Raising awareness of stalking

By From page A6 | January 15, 2014

By Julia Hernandez Hill

Imagine that you don’t feel safe. Someone is following you, texting and emailing you, and you are afraid.

In one year, 6.6 million Americans were victims of stalking, a serious crime that can happen to anyone and that communities need to be aware of.
In January 2004, the National Center for Victims of Crime launched the observance of National Stalking Awareness Month to increase the public’s understanding of the crime of stalking. The effort began in 2003 when Debbie Riddle — whose sister Peggy Klinke had been murdered two months earlier by a former boyfriend who had stalked her before killing her and then himself — approached the Stalking Resource Center.

Debbie wanted to translate her family’s painful tragedy into a force for positive change. Her aim was to train law enforcement and provide education about how stalking is a real and dangerous crime.
Stalking is a pattern of behavior that is unpredictable, frightening and dangerous. It is not a crime of passion or too much love. Rather, stalking is targeted violence. It is a deliberate set of tactics designed to control and intimidate the victim.

Stalking is a crime in all 50 states, yet many victims and criminal justice professionals underestimate its seriousness and impact. That is why stalking awareness is so important.

Here are steps that may aid in identifying stalking behavior and help a stalking victim, even if that person is you:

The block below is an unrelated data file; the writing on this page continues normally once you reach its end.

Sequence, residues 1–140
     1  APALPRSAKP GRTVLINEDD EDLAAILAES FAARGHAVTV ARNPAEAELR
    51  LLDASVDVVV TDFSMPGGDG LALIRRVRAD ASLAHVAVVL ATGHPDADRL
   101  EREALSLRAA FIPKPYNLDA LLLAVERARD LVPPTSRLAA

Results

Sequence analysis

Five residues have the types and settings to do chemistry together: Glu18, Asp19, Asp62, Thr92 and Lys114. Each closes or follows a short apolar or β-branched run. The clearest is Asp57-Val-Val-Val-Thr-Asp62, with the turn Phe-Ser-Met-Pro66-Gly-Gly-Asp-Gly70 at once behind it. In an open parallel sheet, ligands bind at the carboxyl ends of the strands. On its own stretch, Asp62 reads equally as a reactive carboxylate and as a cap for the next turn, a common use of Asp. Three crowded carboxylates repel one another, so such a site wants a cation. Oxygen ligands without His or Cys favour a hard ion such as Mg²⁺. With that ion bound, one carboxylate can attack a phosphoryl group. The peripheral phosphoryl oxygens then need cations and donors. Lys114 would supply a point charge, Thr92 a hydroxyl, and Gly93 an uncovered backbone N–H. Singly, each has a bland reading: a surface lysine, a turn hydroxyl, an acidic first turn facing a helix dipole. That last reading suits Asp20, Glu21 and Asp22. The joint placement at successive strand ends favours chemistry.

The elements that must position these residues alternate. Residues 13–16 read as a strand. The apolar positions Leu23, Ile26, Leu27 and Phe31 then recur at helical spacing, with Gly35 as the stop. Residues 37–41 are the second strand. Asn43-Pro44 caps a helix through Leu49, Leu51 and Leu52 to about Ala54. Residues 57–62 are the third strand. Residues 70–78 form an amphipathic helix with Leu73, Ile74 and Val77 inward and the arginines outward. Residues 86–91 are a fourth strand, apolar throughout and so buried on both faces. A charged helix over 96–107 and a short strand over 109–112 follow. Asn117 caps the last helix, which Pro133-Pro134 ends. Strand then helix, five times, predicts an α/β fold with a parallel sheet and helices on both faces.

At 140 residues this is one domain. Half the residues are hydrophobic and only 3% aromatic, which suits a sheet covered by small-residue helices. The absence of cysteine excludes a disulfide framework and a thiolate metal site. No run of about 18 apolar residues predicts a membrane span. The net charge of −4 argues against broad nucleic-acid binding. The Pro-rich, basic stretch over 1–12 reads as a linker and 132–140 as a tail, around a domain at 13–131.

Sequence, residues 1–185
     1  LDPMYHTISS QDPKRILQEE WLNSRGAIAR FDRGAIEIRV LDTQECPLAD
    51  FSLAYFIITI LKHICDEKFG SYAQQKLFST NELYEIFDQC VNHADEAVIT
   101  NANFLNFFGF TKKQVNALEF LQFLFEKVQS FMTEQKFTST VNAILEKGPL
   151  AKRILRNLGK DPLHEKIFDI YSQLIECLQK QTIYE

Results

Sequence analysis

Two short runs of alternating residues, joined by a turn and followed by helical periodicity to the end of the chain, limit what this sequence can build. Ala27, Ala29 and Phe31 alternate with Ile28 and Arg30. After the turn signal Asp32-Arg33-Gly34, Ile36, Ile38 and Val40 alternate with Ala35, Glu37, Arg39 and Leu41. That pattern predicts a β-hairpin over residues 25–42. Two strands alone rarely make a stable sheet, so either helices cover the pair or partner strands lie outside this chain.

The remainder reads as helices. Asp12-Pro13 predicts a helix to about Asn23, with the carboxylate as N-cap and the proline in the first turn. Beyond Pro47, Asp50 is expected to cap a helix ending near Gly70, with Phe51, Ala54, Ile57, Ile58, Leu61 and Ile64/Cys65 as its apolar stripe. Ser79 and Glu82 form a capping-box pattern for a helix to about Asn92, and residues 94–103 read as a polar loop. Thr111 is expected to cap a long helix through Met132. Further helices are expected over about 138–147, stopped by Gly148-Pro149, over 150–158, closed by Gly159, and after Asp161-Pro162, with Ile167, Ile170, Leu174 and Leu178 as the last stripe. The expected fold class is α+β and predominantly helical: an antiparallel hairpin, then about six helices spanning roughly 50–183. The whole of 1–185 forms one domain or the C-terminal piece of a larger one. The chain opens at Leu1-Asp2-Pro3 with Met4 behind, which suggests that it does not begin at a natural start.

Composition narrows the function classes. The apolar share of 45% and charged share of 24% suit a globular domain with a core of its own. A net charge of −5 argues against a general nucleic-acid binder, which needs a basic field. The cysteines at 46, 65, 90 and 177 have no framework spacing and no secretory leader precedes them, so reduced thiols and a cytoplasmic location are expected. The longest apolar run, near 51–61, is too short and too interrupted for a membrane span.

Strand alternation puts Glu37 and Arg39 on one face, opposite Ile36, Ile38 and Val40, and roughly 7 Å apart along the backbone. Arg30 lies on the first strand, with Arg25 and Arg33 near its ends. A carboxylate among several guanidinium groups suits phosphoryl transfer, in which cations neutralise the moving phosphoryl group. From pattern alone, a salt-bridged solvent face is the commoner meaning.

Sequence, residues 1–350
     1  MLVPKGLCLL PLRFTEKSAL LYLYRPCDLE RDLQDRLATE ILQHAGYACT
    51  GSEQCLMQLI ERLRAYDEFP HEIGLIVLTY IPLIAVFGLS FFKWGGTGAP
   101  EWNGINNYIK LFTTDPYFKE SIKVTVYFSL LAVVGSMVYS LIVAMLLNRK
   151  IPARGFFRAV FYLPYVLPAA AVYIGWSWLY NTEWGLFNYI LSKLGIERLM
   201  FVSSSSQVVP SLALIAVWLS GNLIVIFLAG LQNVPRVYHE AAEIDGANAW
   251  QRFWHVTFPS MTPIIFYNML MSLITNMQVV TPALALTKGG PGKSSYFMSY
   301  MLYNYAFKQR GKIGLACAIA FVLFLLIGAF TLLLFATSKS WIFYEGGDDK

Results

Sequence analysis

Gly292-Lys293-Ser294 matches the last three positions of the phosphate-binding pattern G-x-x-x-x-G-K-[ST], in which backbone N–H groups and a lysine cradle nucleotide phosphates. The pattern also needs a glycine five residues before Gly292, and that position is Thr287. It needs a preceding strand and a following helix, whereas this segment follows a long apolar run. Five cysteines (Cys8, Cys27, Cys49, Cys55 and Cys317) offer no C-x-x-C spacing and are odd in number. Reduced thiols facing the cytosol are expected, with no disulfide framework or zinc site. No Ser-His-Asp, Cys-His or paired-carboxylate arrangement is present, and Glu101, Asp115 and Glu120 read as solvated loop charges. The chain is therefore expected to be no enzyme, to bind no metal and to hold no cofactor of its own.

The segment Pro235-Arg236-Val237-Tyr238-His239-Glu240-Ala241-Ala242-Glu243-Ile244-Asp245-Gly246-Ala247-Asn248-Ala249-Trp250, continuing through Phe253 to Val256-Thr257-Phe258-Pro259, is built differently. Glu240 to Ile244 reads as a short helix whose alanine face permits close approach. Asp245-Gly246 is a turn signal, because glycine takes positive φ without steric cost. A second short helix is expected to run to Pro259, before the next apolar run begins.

*Ask the question, “Is someone following, watching or communicating with you in ways that seem obsessive or make you concerned for your safety?” This answer may be the first step toward identify what is happening or to help victims see and acknowledge the stalking-like behavior.
* Explain that stalking is a “red flag” for violence and psychological harm. Even when victims realize they are being stalked, they often minimize their level of risk.
* Victims of stalking should keep an ongoing journal to document the behaviors of the stalker. Helping professionals often advise victims to note dates, times, what happened and any witnesses who may be present. Victims also should document how the stalking has affected them and any changes they had to make in their daily lives.
* It is very important that stalking victims engage in active safety planning and understand that self-protection is crucial. This may include changing privacy settings on or terminating social media sites, screening calls, increasing residential security, altering their daily routine and possibly relocating.
* Lastly, those being targeted need to tell their close friends and loved ones about the behavior and seek help from law enforcement or professionals in support agencies. Telling others they trust about the situation can provide emotional support and help them to not feel so alone.

The more people who know about the dangerous behavior, the more people who will be on the lookout for the stalker if he or she comes around the victim’s residence or place of work.
For more information, contact the Victim Services Program at Yolo County District Attorney’s Office at 530-666-8187. For additional resources about National Stalking Awareness Month, visit http://stalkingawarenessmonth.org and www.ovw.usdoj.gov.

— Julia Hernandez Hill has a master’s degree in social work and has been a victim advocate for the Yolo County District Attorney’s Office for the past 13 years.

Special to The Enterprise

  • Recent Posts

  • Enter your email address to subscribe to this newspaper and receive notifications of new articles by email.

  • Special Publications »

    Use of this site constitutes acceptance of our Terms of Service (updated 4/30/2015) and Privacy Policy (updated 4/7/2015).
    Copyright (c) 2016 McNaughton Newspapers, Inc., a family-owned local media company that proudly publishes the Daily Republic, Mountain Democrat, Davis Enterprise, Village Life and other community-driven publications.